Blossom – Powder Hound | SierraSun.com

Blossom – Powder Hound

by Christine Stanley

Blossom seems to think that she would make a fantastic lap dog. And she would if she didn’t stink, slobber, shed, and weigh 90 pounds. She is certainly friendly and lovable. But Bernese mountain dogs, or “berners,” were not meant to be lap dogs, instead they were raised high in the Swiss Alps as farming equipment. That’s right, equipment.

According to the Bernese Mountain Dog Club of America, berners traditionally herded cattle and hauled dairy products, such as milk and ice cream, in carts or sleds from the farms to the dairy, often unaccompanied. Their dense fur kept them plenty warm, and with their boxy, solid build, pulling loads equal to their body weight was usually feasible.

But today, literally centuries after the Swiss first started using them, Bernese mountain dogs, especially the American blood lines, are used much less for work and are instead enjoyed for their loyalty and good nature.

Such is certainly the case for Blossom, who, at 5 years old, would never consider something as un-ladylike as schlepping milk. She much prefers socializing and eating horse droppings. That last fact shouldn’t come as too much of a shock because berners, as hard-working as they can be, are not all that bright, Blossom included.

“Blossom is the quintessential Truckee local dog,” says her owner, Lisa Dobey. “She has been in the Fourth of July Parade, her puppy picture is on the wall at Joe’s Coffee, and she knows that Martis Creek is the best place for dogs.” And like all local dogs, she is staunchly anti-leash.

She’s not interested in swimming, not interested in running, (she’s really kind of a girly-girl for living in Truckee), not interested in chasing a ball, though she will chase a dog chasing a ball. Blossom, like a true Truckee local, is here for the snow, though she may be the only one who waits for friends on powder days. Those friends are a Weimaraner named Gracie, and a yellow Lab named Otis (and while there is no substantial proof, it is rumored that Blossom and Otis might be somewhat of an item; Blossom declined comment).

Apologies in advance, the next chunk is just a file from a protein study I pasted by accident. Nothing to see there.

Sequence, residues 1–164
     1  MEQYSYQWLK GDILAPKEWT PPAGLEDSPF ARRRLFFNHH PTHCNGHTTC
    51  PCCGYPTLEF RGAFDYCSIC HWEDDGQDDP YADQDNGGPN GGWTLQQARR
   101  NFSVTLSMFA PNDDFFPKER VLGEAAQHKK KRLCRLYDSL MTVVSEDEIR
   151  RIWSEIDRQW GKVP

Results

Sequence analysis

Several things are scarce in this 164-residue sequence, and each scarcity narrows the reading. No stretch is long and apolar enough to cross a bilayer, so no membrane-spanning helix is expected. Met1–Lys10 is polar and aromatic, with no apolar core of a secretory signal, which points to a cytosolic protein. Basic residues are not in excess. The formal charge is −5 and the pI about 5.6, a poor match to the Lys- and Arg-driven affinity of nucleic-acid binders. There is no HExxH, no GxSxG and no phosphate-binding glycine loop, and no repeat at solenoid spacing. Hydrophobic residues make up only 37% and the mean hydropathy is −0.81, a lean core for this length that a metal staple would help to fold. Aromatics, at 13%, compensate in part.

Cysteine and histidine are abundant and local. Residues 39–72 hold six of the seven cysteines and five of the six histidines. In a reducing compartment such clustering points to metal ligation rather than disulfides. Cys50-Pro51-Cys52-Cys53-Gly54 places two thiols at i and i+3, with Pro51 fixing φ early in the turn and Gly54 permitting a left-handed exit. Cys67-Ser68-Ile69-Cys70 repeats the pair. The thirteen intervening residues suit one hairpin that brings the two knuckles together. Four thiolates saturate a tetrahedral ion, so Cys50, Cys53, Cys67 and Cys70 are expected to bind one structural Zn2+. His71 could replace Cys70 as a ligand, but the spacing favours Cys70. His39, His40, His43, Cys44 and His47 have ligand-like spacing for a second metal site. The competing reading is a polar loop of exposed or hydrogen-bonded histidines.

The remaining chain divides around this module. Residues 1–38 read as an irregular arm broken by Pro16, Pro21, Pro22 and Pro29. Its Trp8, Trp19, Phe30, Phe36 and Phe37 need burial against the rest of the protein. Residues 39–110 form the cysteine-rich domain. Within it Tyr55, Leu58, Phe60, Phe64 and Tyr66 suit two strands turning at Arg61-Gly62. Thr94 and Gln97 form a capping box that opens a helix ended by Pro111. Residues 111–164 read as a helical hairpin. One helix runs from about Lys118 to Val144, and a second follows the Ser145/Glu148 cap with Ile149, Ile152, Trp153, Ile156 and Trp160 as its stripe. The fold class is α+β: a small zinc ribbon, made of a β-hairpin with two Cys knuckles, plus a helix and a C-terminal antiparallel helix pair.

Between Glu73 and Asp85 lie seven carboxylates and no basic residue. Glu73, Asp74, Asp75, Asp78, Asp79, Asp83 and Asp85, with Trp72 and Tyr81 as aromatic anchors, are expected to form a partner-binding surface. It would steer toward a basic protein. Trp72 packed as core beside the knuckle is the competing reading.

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Not too long ago, Blossom proved herself a hero when she saved Gracie from a golden retriever who had her by the throat, ready to do some serious damage. Blossom barreled up and body-slammed the bully, wedged her friend free, and sent that no-good scoundrel on his way. Gracie lost part of an ear in the incident, but is forever grateful to Blossom for saving her life.

Stefanie Olivieri, Truckee local and personal friend of Blossom, says she has attended Blossom’s birthday parties, which are very well attended.

“The last party I went to was a who’s who of Truckee, a gala event, really,” Olivieri says. “And Blossom enjoys fine wines, so guests are asked to bring a bottle in lieu of a gift.”

Olivieri and her five dogs join Blossom and her owners a few times a week for their doggy play group, run by Lisa Purchard of Truckee Tails Pet Sitting. The group takes daily outings to Jackass Ridge Ranch and the surrounding valley, as well as to Martis Creek and other favorite hot spots.